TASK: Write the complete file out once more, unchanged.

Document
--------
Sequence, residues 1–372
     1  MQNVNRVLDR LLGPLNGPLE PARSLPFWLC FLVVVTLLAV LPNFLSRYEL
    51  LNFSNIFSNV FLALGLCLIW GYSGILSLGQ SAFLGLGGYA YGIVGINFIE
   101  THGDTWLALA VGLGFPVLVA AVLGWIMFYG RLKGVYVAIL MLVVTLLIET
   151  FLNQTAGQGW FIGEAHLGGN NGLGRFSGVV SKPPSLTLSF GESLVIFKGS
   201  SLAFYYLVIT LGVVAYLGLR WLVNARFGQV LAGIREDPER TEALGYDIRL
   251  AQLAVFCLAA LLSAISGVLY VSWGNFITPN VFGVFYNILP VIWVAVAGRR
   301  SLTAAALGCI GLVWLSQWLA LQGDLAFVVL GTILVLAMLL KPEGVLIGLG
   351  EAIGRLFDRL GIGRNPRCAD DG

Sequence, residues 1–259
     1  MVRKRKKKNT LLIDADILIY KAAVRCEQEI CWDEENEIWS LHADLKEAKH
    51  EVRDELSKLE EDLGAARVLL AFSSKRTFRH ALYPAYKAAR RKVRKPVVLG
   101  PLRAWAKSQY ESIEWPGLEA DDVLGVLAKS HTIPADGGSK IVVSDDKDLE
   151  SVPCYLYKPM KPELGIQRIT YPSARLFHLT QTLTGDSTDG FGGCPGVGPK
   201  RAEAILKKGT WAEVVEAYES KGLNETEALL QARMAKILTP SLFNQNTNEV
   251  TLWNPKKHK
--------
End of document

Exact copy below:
Sequence, residues 1–372
     1  MQNVNRVLDR LLGPLNGPLE PARSLPFWLC FLVVVTLLAV LPNFLSRYEL
    51  LNFSNIFSNV FLALGLCLIW GYSGILSLGQ SAFLGLGGYA YGIVGINFIE
   101  THGDTWLALA VGLGFPVLVA AVLGWIMFYG RLKGVYVAIL MLVVTLLIET
   151  FLNQTAGQGW FIGEAHLGGN NGLGRFSGVV SKPPSLTLSF GESLVIFKGS
   201  SLAFYYLVIT LGVVAYLGLR WLVNARFGQV LAGIREDPER TEALGYDIRL
   251  AQLAVFCLAA LLSAISGVLY VSWGNFITPN VFGVFYNILP VIWVAVAGRR
   301  SLTAAALGCI GLVWLSQWLA LQGDLAFVVL GTILVLAMLL KPEGVLIGLG
   351  EAIGRLFDRL GIGRNPRCAD DG

Sequence, residues 1–259
     1  MVRKRKKKNT LLIDADILIY KAAVRCEQEI CWDEENEIWS LHADLKEAKH
    51  EVRDELSKLE EDLGAARVLL AFSSKRTFRH ALYPAYKAAR RKVRKPVVLG
   101  PLRAWAKSQY ESIEWPGLEA DDVLGVLAKS HTIPADGGSK IVVSDDKDLE
   151  SVPCYLYKPM KPELGIQRIT YPSARLFHLT QTLTGDSTDG FGGCPGVGPK
   201  RAEAILKKGT WAEVVEAYES KGLNETEALL QARMAKILTP SLFNQNTNEV
   251  TLWNPKKHK